New Speed Record Set


Barnacle Goose (photo: Dean Eades).

Yet another speed record has been set after fitting Arctic-bound wild geese with satellite transmitters to track their spring migration. This time a Barnacle Goose, given the name Barbow, crossed the North Sea to Norway in just five hours reaching speeds of at least 127kms per hour - 80mph - helped by a 40mph tail wind. However, as 127kms per hour is the highest speed the satellite tag strapped to him can record, he could have been travelling even faster at the time, said Wildfowl and Wetlands Trust (WWT) senior research officer Larry Griffin.

This blew away concerns about Barbow when, the previous day, he set off from the Solway Firth, flew six miles to the east, then returned, ending up at the WWT's Caerlaverock reserve, where Dr Griffin is based, near Dumfries. The data that has just emerged showed that what happened after he spent ten hours grazing among a flock of 220 geese last Saturday (19th May 2007) proved there had been no need to worry.

Barnacle Goose (photo: Sean Gray).

"By 18:00 he was flying east again, this time at 127kph (80mph) - the maximum speed that the tags can record - towards Norway and was still at this speed two hours later having covered 155 miles of sea. He had averaged over 75mph, with the next fix from well up the Norwegian coast at 03:00 on 20th May again registering this maximum speed - stamina indeed", commented Dr Griffin. "By the next fix he had slowed to 100kph (60mph) and by 09:00 he was already in Helgeland, where he took what was no doubt a much needed rest for three days before heading north again on 23rd May. At these speeds it looks highly likely that he crossed the North Sea in 5 hours aided by tail winds of at least 40mph."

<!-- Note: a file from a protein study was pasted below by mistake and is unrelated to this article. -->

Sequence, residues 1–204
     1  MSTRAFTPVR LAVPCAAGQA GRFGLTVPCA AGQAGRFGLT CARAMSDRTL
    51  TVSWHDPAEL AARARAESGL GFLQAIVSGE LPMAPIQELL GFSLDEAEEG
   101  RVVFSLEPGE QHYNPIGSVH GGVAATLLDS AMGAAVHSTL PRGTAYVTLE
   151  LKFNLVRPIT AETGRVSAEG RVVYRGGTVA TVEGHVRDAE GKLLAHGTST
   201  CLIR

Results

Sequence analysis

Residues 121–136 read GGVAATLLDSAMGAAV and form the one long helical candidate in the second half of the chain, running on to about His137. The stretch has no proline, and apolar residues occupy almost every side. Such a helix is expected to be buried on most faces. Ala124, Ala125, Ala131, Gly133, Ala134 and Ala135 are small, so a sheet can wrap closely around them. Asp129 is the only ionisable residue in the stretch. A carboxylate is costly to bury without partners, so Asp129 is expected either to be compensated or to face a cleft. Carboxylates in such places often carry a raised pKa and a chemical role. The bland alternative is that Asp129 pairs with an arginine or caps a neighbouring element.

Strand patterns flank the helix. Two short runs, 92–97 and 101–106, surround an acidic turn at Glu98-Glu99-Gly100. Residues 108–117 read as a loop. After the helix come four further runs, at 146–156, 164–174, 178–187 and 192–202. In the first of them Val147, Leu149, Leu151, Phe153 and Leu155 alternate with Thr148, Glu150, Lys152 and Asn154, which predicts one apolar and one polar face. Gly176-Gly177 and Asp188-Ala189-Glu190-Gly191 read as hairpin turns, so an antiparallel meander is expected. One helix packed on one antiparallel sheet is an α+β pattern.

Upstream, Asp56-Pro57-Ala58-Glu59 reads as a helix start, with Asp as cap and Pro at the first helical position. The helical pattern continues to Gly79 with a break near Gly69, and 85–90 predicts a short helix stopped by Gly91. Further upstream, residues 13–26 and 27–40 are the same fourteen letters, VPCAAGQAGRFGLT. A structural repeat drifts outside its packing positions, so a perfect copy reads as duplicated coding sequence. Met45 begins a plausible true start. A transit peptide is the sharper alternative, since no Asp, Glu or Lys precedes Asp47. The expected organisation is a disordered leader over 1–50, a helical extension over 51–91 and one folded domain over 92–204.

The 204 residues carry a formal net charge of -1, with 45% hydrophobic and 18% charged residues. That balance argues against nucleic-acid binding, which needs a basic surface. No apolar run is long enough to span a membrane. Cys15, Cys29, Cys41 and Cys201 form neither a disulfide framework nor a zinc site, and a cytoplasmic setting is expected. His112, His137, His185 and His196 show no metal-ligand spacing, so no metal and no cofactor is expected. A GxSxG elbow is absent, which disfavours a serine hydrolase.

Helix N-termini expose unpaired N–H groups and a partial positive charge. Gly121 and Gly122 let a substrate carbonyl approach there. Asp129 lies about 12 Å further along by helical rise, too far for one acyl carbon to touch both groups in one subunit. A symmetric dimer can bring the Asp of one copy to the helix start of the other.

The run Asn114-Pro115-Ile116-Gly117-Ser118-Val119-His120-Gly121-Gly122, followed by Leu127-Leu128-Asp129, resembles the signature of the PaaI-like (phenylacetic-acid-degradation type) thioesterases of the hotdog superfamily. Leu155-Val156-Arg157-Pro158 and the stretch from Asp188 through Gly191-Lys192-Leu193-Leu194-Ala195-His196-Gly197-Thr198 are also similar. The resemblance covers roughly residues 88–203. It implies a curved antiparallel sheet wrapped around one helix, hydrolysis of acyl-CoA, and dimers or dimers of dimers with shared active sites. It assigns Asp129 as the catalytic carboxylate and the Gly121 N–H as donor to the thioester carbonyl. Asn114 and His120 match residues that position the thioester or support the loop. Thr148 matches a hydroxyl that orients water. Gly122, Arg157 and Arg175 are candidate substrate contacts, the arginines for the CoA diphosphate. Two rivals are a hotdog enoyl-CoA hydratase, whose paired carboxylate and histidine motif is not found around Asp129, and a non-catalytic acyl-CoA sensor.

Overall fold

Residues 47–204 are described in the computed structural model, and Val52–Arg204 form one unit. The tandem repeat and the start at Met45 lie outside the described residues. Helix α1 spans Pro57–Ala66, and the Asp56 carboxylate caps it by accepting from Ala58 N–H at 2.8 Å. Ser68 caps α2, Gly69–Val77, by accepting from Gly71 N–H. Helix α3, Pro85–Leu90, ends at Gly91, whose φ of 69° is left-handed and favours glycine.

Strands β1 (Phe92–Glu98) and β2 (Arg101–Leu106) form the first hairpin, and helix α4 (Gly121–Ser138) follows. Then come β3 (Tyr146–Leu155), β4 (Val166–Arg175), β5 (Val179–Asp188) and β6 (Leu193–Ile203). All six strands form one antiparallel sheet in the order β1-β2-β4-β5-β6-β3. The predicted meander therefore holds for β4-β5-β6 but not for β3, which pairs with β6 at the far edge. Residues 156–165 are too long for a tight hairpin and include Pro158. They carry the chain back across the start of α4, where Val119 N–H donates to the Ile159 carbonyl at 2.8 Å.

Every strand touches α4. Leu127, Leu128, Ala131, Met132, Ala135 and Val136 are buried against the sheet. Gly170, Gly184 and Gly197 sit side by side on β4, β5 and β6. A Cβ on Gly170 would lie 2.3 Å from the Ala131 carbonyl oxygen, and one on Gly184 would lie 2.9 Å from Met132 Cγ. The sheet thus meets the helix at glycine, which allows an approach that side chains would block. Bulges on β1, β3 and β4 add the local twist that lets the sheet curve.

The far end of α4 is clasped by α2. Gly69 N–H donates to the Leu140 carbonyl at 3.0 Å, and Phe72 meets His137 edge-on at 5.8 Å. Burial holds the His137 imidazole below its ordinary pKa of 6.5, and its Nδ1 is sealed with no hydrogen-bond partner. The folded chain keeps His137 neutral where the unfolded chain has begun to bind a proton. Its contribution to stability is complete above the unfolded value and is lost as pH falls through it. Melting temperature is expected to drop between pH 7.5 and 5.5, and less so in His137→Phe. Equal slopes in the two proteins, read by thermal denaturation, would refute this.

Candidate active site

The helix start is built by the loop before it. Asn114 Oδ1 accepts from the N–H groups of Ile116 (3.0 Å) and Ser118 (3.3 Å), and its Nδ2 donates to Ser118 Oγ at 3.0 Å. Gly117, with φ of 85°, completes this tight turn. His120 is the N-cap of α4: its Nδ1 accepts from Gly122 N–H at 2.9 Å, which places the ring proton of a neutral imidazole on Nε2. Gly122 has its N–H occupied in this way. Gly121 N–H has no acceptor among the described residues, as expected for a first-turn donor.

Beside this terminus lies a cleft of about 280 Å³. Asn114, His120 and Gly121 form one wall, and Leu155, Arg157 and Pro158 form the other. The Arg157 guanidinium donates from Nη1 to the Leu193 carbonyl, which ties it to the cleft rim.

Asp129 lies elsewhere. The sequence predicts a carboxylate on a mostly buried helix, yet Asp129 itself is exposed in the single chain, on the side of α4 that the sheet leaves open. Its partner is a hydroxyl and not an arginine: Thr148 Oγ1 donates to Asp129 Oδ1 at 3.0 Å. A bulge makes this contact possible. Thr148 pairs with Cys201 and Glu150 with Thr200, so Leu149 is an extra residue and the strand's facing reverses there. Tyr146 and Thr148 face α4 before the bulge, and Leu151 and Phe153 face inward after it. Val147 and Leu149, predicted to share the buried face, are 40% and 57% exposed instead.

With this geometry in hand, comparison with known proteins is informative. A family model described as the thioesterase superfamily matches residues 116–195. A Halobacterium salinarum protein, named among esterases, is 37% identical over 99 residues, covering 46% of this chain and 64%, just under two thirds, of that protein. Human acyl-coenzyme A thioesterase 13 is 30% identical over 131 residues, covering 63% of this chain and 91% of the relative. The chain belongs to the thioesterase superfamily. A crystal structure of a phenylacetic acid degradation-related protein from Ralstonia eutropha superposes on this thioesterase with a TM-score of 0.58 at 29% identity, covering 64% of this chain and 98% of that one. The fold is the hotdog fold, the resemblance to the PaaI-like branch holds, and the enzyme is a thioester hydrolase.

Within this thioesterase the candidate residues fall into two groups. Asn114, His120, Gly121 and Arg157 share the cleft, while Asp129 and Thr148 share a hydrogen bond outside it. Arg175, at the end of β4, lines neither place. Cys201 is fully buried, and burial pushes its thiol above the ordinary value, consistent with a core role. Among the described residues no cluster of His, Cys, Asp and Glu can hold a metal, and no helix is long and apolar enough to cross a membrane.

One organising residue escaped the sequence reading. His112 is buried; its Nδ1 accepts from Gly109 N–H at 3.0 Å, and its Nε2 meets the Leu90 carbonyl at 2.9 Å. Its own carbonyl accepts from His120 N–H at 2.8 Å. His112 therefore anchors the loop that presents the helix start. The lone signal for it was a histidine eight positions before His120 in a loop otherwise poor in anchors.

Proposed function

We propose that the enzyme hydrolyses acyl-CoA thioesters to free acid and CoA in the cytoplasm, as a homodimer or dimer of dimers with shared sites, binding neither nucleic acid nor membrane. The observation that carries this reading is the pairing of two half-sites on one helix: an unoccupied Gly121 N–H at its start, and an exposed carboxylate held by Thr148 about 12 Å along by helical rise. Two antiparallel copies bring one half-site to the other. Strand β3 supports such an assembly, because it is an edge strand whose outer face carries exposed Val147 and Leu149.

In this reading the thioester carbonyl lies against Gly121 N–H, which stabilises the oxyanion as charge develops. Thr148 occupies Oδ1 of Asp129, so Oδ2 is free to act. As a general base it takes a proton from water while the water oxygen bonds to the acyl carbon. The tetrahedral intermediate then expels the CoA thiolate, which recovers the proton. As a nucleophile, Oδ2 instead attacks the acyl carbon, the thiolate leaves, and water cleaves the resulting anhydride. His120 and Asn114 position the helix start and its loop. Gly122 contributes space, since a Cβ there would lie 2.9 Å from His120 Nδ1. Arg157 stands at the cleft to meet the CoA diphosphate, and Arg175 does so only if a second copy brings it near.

Dr Griffin, who had earlier in the spring recorded a goose called Godzilla making a 60mph crossing and another, named King Boomer, reaching 75mph, added: "The more we follow the geese, the faster they seem to get. Barbow has given goose travel a whole new dimension."

Eleven geese have been fitted with transmitters and they have been given their names by school pupils on both the Scottish and Cumbrian sides of the Solway. Barbow was named by youngsters at Bowness-on-Solway Primary, Cumbria. The geese have to travel about 2,000 miles to reach their nesting territory on the Svalbard islands positioned midway between the top end of Norway and the North Pole.

One more tagged Barnacle Goose - called Little Geoffrey - also made a late dash back to Svalbard after a "false start" 6from his winter territory, according to the latest WWT report. As with Barbow, he set off from the Solway Firth on 19th May then changed his mind. However, while Barbow headed back after about six miles, Little Geoffrey flew to Northumberland's Kielder Water, where he spent 20th May before returning 30 miles to Cumbria's Rockcliffe Marsh by 04.00 on the 21st

After spending the day feeding he again set off on migration late that evening, resting on the North Sea briefly before arriving in Norway at 09:00 on 22nd May - progressing northwards to Helgeland by 15:00 and again achieving the high speeds witnessed for Barbow and King Boomer of 125kph (78mph).

"He then continued north stopping briefly for periods of up to a day or so on the sea or various small islands before pushing rapidly on to the final sea crossing, leaving the Helgeland area at 07:00 on 25th May", said Dr Griffin, who spoke as the bird was "racing across the Norwegian Sea" and due to reach Svalbard, then 300 miles away, by the evening. He added that information received from the transmitters this spring "gone a long way towards revising our understanding of the barnacle goose flyway - in that the classic view of the Solway as the wintering ground and Norway as the staging site, should be rewritten to say that the Solway is a wintering ground AND a spring staging site."

Written by: Brian Unwin